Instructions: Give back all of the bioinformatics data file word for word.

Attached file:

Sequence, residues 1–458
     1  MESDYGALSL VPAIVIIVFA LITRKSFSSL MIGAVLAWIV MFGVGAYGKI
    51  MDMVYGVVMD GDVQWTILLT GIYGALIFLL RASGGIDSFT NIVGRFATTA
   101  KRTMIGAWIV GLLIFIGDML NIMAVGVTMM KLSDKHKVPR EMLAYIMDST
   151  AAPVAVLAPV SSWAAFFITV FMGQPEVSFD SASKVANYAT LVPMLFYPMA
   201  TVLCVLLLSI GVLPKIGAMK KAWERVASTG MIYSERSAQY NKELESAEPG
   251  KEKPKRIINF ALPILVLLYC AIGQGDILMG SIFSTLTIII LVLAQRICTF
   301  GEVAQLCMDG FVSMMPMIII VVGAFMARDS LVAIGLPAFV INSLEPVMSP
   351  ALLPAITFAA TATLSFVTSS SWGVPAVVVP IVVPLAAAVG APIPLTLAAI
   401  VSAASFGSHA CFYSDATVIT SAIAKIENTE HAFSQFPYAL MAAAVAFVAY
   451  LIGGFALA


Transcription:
Sequence, residues 1–458
     1  MESDYGALSL VPAIVIIVFA LITRKSFSSL MIGAVLAWIV MFGVGAYGKI
    51  MDMVYGVVMD GDVQWTILLT GIYGALIFLL RASGGIDSFT NIVGRFATTA
   101  KRTMIGAWIV GLLIFIGDML NIMAVGVTMM KLSDKHKVPR EMLAYIMDST
   151  AAPVAVLAPV SSWAAFFITV FMGQPEVSFD SASKVANYAT LVPMLFYPMA
   201  TVLCVLLLSI GVLPKIGAMK KAWERVASTG MIYSERSAQY NKELESAEPG
   251  KEKPKRIINF ALPILVLLYC AIGQGDILMG SIFSTLTIII LVLAQRICTF
   301  GEVAQLCMDG FVSMMPMIII VVGAFMARDS LVAIGLPAFV INSLEPVMSP
   351  ALLPAITFAA TATLSFVTSS SWGVPAVVVP IVVPLAAAVG APIPLTLAAI
   401  VSAASFGSHA CFYSDATVIT SAIAKIENTE HAFSQFPYAL MAAAVAFVAY
   451  LIGGFALA